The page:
The number one advantage to creating a list is organization. Organization is a big watchword nowadays. We all lead such busy lives, there’s not enough time in the day to accomplish everything. From pundits to parents, advice columns to job postings, organization is acknowledged as a universal good.

Consider the daily to-do list. A simple and effective maneuver, scribbling a to-do list takes only a few minutes, and serves as a reminder throughout the day. When we get side-tracked by unexpected events or need to prioritize, the to-do list is our friend. Groceries versus Pilates class? Vision statement or agenda prep for afternoon teleconference? Following up with Sue or Sam? Remembering what the heck was that important deadline this week?

Did you know that lists are good news for our health, too? Creating lists can help:

  • reduce anxiety by giving us a sense of control over what we need to get done
  • boost our brain power by using parts of our brain we otherwise may neglect
  • improve focus by keeping our immediate goal in front of us
  • increase self-esteem through the sense of accomplishment we get by crossing items off our list
  • organize our thoughts, such as when we are faced with a tough or complex decision

Health, stress reduction, meeting deadlines, and getting all the items we need from the grocery store. Who could possibly object to the clear beneficence of the lowly and workmanlike list!

Where’s the fire?

To-do lists, grocery lists, packing lists — all of these have immediate, obvious utility. They’re not very romantic, though. Then there is our least favorite list ever (at least according to pop culture): the New Year’s Resolutions (if you’re feeling adventurous enough that you have more than one resolution, of course. I am guilty of this. I am an overachiever. Scorn me). We start this list with grand plans and fanfare. We feel bigger than life. Bring on the world!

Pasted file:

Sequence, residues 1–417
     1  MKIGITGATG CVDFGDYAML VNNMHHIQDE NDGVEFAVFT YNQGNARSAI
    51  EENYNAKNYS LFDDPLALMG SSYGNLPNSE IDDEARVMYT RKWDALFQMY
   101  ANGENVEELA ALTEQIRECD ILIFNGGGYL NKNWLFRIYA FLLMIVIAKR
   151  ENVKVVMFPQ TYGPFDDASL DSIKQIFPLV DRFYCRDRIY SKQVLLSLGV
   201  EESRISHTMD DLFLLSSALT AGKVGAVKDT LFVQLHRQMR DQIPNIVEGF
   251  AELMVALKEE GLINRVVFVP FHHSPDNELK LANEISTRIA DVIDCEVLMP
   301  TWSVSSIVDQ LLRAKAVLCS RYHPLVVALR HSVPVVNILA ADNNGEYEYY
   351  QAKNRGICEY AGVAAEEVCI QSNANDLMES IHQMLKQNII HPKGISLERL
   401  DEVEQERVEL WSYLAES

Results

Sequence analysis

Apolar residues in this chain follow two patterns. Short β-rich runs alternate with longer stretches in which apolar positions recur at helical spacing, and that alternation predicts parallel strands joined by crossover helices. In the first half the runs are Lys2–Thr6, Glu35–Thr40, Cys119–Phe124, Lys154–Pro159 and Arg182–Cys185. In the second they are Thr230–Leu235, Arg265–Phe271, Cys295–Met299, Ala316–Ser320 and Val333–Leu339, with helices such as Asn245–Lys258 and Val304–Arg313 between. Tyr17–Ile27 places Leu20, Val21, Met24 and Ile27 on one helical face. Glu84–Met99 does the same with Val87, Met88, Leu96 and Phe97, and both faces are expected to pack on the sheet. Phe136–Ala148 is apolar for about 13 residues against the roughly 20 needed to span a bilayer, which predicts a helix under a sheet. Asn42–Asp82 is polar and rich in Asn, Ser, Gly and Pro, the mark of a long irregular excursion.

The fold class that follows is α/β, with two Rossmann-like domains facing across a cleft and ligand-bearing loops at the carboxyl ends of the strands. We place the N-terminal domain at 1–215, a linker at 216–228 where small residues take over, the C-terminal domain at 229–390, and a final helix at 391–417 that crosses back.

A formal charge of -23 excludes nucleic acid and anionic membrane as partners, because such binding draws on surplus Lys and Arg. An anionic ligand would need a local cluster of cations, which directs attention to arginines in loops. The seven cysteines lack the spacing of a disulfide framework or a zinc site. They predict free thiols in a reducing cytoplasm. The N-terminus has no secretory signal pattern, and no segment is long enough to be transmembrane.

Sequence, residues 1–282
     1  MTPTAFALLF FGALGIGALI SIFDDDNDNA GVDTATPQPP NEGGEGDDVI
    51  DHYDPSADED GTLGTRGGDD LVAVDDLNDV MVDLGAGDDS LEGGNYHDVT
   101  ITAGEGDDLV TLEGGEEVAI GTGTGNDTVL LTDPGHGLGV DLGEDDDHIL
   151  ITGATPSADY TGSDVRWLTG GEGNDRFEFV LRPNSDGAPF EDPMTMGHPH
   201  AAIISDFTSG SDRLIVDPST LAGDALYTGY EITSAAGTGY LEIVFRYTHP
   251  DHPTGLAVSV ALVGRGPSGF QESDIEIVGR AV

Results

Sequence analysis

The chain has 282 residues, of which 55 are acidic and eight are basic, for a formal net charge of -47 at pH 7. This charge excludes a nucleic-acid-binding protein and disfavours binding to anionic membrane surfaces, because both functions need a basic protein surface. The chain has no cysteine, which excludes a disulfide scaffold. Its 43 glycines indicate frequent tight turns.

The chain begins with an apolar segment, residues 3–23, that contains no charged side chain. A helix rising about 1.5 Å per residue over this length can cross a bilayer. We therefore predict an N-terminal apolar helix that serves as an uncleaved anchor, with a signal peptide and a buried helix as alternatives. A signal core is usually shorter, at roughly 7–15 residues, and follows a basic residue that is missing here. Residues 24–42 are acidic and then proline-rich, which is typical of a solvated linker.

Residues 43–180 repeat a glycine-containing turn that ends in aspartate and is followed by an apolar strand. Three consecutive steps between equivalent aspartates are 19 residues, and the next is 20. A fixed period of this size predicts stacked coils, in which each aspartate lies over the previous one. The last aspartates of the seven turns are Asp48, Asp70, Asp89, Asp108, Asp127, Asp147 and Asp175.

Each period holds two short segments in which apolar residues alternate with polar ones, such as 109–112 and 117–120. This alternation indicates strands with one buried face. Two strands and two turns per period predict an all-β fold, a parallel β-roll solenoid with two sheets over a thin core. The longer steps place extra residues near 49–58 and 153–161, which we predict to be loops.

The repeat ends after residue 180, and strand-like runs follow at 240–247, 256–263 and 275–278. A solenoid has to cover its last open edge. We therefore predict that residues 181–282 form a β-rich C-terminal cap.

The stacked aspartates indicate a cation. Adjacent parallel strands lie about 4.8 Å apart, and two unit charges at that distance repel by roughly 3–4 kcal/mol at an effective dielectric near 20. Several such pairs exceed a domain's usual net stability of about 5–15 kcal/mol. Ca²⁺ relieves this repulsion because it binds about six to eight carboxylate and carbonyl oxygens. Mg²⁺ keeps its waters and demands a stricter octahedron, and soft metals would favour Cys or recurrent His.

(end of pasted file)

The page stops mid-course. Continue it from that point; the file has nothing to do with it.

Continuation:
Yet how often do we actually complete that list? Maybe we’d be more accurate calling New Year’s Resolutions our “New Year’s Ideas & Suggestions Box.” Drop in the slip of paper with your idea. As time goes by, those little slips of paper become less interesting, even, perhaps, accusatory.

Making a list — for New Year’s or otherwise — can become a stand-in for doing what’s on the list. Too often, we start with a good intention, fall into a habit, and then just continue with it brainlessly. Making lists over and over can slowly drain us of our initial passion. When we began, we were excited by the subject, the work, the company, the project… One sheet of paper couldn’t contain all our ideas. Gradually, however, our vision has narrowed until we can’t see the horizon anymore for the slip of paper.

We’ve forgotten what got us started in the first place.

Regaining Control

Like any strategy designed to help us out, keeping a list can become a self-perpetuating monster. Whether our list is a fluffy Shih Tzu or a Great Dane, we need to remember who’s in charge. I’ll give you a hint: the boss should be the one holding the leash.

Lists are a tool. Like the alphabet. In order to write effectively, we need to know how to form the letters, how they sound, and the ways to arrange them to convey meaning. But the letters themselves aren’t the meaning — they are the vessel by which meaning is made clear. We write the letters, the letters don’t write us.

Don’t get trapped on the hamster wheel. Eventually, you will need to actually write that story, shoot those pictures, finish that telephone follow-up, pack that suitcase. If you find that you’re spending a lot more time on your list than your life, remember that the brain needs playtime, too. Play hooky. You may be surprised how inspired and enlivened you become as a result.

You might even have plenty more fodder to add to your lists!

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Do you keep track of aspects of your life using lists? Do any of your lists pertain to your creative projects? Let us know here!